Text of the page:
August 10th, 1864

January 4, 2008

Went to Lyons to the funeral of Major T.J. Ennis, shot through the body before Atlanta in the severe engagement of July 28th.


August 2nd, 1864

January 4, 2008

Go to the Provost Marshal’s office and look over the lists for Geneva, in reference to the five-hundred-thousand draft now upon us. I wanted to see about our students. Very few names are down.

May 23rd, 1863

November 13, 2007

Holiday for the reception of the 33rd. Regiment. I walked with the procession through the streets under a broiling sun. Judge Folger made the speech of welcome; Col. Taylor replied.

May 22nd, 1863

November 13, 2007

Faculty meeting. Decide to give holiday to-morrow after first recitation, to join in receiving the gallant 33rd Regiment after two years’ service.

September 22nd, 1862

November 1, 2007

After prayers dismiss College without recitation to see Col. Johnson’s Regiment go off.  We saw them set sail in three steamboats.

September 11th, 1862

October 30, 2007

College opens. Wheeler absent- not back from Harper’s Ferry where he acted as adjutant with the 126th Regiment during the vacation. The freshman class come in well and College promises to be as full as it was last year. This is very encouraging when all other Colleges that I know of, are suffering severely.
I find that boys’ schools on the contrary are flourishing. Many persons, by being in the army, are in the receipt of good incomes, and being from home, do not wish to leave their sons without oversight, and so send them to school. Others, finding no business to put their sons at, send them to school. Thus the boys’ schools are full, while the colleges are depleted to furnish officers and soldiers.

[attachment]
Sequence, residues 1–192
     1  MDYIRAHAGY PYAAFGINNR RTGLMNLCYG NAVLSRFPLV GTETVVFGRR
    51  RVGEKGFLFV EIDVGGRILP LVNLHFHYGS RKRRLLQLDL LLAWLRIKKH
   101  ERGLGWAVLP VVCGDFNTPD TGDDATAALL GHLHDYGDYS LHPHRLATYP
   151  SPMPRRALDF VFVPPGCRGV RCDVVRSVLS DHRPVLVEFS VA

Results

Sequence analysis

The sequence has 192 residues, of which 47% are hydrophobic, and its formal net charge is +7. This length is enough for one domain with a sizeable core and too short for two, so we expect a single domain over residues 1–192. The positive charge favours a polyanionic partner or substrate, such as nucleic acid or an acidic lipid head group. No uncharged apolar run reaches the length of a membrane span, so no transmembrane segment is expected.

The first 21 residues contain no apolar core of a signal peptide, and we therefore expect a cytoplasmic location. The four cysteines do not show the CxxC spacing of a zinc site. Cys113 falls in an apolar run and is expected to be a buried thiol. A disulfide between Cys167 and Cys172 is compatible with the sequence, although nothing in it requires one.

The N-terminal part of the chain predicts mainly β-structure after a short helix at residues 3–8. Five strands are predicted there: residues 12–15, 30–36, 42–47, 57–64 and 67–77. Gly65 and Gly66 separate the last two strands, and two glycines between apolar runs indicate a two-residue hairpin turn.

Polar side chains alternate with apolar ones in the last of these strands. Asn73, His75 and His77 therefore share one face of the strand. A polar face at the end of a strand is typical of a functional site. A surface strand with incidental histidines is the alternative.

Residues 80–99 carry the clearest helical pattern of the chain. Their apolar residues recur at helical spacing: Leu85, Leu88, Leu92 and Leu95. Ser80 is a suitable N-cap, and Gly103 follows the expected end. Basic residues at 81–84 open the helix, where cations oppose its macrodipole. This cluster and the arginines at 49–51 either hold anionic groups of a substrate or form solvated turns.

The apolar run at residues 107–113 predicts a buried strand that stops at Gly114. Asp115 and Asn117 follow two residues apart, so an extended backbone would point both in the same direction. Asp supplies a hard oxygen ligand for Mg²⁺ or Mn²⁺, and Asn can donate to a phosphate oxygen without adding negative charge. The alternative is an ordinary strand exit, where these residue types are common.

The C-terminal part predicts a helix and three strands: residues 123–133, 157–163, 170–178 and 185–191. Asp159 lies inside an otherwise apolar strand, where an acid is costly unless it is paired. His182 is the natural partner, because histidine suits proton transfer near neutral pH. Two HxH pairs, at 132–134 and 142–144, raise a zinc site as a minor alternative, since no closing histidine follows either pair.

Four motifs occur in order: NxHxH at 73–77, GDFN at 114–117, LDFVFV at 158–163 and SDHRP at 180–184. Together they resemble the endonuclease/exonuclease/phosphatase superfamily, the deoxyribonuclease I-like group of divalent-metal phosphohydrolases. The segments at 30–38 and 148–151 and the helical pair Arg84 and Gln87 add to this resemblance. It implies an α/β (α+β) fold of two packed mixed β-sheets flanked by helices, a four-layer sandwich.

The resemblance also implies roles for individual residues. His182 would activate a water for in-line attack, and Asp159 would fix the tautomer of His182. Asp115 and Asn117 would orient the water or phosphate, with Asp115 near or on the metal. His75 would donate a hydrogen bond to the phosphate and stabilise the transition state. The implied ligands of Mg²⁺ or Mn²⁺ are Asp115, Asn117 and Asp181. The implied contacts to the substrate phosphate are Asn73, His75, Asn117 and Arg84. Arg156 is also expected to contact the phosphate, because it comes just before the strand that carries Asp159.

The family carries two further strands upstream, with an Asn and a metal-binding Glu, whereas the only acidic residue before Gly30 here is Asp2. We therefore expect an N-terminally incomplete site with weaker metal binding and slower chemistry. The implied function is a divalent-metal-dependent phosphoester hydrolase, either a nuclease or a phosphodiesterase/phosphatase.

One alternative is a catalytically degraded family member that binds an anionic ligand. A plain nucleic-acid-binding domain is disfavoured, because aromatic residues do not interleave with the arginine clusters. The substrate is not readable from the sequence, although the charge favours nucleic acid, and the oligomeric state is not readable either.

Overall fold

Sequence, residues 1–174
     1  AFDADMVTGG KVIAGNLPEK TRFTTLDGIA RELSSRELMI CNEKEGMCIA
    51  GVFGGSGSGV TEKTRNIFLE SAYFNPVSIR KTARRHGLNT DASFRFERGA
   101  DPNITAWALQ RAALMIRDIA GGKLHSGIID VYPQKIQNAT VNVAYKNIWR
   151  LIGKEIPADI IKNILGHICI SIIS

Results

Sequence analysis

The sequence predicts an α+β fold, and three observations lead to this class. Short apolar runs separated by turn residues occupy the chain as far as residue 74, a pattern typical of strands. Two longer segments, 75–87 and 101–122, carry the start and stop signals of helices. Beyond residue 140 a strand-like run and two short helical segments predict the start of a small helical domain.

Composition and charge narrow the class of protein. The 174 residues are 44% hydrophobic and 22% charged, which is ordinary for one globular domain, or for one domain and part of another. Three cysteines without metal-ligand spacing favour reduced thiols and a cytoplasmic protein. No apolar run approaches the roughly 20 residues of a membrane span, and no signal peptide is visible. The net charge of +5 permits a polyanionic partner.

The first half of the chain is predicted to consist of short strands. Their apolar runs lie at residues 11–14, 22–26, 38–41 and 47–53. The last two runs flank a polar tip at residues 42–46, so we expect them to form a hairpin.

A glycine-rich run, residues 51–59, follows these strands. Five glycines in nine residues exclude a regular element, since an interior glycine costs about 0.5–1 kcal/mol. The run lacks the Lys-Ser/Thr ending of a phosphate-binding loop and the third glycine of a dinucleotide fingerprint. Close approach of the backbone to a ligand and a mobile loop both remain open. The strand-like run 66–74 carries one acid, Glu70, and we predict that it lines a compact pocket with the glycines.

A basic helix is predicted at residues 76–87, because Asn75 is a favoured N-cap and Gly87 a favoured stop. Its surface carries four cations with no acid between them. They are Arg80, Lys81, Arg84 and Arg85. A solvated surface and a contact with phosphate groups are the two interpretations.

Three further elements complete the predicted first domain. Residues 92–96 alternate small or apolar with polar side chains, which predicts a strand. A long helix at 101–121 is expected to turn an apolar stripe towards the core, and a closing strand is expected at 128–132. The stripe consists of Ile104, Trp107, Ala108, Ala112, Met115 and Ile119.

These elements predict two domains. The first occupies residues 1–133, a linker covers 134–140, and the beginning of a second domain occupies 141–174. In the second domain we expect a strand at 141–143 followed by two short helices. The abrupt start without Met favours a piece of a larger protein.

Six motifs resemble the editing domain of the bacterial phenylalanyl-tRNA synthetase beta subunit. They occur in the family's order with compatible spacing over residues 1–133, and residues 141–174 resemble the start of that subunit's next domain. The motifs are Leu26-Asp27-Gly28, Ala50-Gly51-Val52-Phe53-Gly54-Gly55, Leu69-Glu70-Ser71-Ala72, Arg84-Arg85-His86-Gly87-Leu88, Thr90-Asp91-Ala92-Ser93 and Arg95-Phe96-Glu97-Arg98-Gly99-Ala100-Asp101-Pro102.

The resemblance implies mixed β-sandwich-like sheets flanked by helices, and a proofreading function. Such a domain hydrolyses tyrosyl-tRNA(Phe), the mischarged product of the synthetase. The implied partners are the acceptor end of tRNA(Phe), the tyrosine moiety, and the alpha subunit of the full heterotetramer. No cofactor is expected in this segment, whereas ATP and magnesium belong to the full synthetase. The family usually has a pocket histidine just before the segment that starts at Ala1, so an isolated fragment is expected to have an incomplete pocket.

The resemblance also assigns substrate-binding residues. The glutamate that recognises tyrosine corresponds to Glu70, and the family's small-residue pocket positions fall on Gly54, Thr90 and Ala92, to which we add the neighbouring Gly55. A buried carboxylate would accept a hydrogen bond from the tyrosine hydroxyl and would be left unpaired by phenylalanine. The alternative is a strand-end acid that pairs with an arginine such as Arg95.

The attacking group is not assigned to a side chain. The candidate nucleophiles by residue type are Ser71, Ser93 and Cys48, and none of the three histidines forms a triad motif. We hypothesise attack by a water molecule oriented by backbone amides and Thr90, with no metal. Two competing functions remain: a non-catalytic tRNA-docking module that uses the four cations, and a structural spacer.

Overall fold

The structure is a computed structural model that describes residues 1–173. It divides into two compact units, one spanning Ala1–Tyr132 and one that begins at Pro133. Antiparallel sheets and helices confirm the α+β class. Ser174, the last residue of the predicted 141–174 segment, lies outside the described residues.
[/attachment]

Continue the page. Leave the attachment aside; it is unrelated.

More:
April 29th, 1862

September 28, 2007

Faculty meeting. Consider results and determine about conditions. Very few conditioned. Enforcing our rule about suspending if conditions were not made up on the first day of the term as we did last time, operates extremely well. At five had our last prayers and dismissed the College. Junior exhibition in Linden Hall in the evening. I presided. Good exhibition, but nothing of pre-eminent and striking excellence. Brewer was one of the best. Ashley had a poem on secession which took, from the subject and good delivery.

April 9th, 1862

September 28, 2007

The students petitioned for a holiday to celebrate the victories (Island Number Ten, and over Beauregard near Pittsburgh) but the Faculty having considered the matter unanimously refused.

February 18th, 1862

September 25, 2007

Faculty meeting at ten to consider the petition of the students to get off from recitation and make a holiday of to-day and illuminate the College to-night on account of the news of the capture of Fort Donelson and fifteen thousand prisoners. Refused. First, because a leading object was conceived to be to get off from recitations; second, because we should expect other victories and other like requests. Faculty unanimous.

November 14th, 1861

August 28, 2007

My class debated before me – Should England avoid interfering in our present troubles?  Graves spoke fifty-five minutes; rose spoke long and well.

September 6th, 1861

July 26, 2007

I spend part of each day in collecting the subscriptions in Geneva t the endowment, or in getting them into the form of notes.  Coxe writes me that he has a very uncomfortable position in Baltimore – that he may resign any day.  He is loyal and his congregation are secessionists.  May God direct and guard him.